At one time a breed called the Oxford Sandy and Black was found in Oxford County, England. The Oxford Sandy & Black Pig sometimes referred to as the “Plum Pudding or Oxford Forest Pig” is one of the oldest British pig breeds, it has existed for 200-300 years. A traditional farmers and cottagers pig, of the middle part of the country, especially around Oxfordshire.It seems to be closely linked to the old Berkshire and Tamworth. Did it diverge from them? Or was it the result of crossbreeding between them? Or crossbreeding with an entirely different breed no-one is entirely sure.
The Oxford Sandy & Black or OSB has reached crisis point at least twice in it’s past when numbers dropped so low that extinction was a real possibility. Unfortunately it had no Society or herd book to look after it’s wellbeing. As long ago as the 1940’s boar licensing had dropped to one or two a year for OSB’s but for a few dedicated breeders the breed would surely have been lost. In 1973 the Rare Breeds Survival Trust was formed giving hope for the breed, but the Trust decided not to recognise the OSB. Once again the dedicated breeders were on their own. The decline continued to the brink of extinction when in 1985 the current Breed Society was formed following contact with all known breeders of the OSB by the Societies founder secretary Steven Kimmins ably supported and helped by Andrew J.Sheppy Chairman and Geoffrey Cloke President. The breed owes a great debt and it’s survival to them.
The current picture is very encouraging with the rarest bloodlines hanging on and slowly increasing. Hopefully the Breed is at last safe (although still relatively few in number) Recognition by, and transfer of herd book management to the BPA from the Oxford Sandy and Black Society has already brought the hoped for benefits of increased publicity and opportunity to compete in the shop window of BPA recognised shows.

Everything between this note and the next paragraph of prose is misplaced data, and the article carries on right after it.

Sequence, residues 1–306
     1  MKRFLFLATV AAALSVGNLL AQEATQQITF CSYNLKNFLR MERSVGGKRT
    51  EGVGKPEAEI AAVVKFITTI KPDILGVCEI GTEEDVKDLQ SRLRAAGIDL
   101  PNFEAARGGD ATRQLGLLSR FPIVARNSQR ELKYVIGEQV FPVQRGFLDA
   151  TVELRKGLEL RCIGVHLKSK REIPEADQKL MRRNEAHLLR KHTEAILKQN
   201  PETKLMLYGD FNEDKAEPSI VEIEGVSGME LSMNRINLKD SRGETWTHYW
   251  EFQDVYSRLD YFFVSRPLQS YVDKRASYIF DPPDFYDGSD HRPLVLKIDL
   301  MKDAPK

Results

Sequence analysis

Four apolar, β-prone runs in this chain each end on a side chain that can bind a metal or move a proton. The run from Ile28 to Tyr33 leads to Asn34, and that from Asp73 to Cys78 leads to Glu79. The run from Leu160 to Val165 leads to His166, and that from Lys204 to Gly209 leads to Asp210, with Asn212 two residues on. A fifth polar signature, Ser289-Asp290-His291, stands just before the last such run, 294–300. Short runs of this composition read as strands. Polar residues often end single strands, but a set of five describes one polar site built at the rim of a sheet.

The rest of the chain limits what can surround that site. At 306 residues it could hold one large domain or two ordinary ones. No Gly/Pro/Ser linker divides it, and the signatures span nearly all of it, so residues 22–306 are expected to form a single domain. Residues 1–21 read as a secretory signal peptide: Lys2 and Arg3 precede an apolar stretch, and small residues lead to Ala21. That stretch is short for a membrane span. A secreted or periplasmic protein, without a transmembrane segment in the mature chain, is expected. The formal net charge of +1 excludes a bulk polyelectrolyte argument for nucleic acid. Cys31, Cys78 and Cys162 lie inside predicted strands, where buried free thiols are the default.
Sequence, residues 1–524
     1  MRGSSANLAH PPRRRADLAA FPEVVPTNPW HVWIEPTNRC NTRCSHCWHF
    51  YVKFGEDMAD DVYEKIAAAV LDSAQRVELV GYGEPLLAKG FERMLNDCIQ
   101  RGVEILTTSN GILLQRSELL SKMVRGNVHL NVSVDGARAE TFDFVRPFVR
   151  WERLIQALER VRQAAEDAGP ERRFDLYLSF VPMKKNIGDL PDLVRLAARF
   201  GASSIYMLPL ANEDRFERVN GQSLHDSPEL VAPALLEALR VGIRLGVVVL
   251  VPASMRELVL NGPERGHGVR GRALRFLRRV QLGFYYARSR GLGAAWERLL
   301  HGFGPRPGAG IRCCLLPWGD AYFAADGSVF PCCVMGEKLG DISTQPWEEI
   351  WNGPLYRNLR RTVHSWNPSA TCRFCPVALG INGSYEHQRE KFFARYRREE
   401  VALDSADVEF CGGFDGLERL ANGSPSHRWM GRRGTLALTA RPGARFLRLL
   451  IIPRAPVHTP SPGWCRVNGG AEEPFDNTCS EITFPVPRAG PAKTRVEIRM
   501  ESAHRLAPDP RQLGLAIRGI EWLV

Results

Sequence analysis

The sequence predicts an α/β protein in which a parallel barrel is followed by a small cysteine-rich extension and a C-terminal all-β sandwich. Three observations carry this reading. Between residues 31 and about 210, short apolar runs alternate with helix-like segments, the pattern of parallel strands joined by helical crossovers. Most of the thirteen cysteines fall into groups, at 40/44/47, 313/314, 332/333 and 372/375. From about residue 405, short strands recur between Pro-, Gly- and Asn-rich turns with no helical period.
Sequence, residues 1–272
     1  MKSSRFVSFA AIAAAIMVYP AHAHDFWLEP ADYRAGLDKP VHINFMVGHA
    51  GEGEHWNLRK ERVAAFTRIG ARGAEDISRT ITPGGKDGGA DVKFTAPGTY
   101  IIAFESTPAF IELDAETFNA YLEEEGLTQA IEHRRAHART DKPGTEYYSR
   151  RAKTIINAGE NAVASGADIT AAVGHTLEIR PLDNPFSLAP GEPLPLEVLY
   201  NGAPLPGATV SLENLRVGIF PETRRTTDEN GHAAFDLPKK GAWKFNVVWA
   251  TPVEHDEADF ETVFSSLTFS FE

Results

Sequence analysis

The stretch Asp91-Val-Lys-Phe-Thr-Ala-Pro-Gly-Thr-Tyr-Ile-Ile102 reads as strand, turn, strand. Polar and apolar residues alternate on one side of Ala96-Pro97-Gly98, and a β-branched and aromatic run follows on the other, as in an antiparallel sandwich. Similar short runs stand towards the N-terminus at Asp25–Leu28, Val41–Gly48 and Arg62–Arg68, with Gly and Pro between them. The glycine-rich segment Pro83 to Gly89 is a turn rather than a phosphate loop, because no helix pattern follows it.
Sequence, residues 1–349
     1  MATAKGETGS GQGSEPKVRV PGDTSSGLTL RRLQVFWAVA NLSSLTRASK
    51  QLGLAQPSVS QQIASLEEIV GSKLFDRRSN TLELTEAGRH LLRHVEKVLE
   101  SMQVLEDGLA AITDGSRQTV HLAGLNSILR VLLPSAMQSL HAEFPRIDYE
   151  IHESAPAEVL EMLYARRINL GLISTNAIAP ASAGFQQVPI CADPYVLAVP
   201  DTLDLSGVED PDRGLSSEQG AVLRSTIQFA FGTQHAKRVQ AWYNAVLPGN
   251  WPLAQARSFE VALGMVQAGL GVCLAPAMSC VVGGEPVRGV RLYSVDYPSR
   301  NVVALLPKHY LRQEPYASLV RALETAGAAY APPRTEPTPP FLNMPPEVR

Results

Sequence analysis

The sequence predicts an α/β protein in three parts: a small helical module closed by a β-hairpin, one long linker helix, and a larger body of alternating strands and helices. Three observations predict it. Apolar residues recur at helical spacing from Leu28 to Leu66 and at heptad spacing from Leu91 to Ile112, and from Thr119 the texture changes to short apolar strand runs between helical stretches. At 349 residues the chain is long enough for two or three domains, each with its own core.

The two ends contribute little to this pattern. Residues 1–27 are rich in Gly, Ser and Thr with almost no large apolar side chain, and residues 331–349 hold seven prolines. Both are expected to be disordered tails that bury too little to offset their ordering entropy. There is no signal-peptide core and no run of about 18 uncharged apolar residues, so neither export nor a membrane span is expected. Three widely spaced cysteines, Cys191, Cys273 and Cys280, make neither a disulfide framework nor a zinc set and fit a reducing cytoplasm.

The breed has many good qualities, particularly it’s excellent temperament and mothering abilities. Prolific and hardy it is particularly suited to outdoor systems, being good foragers and as they are a coloured pig with a good coat they are far less prone to sunburn.
The base colour should be a light sandy to rust with random black blotches (not spots) with a white blaze, feet and tassel. A medium to large pig with good length and a deep body, good quarters and fine shoulders, strong legs and feet and well set on, giving a free and active gait. A moderately strong head, straight or slightly dished with lop or semi lop ears.
Briggs, Hilton M. 1983. International Pig Breed Encyclopedia. Elanco Animal Health
The Oxford Sandy & Black Pig Breeders Club
The Oxford Sandy and Black. British Pig Association. 8 Feb. 2007 <http://www.britishpigs.org.uk/breed_os.htm>.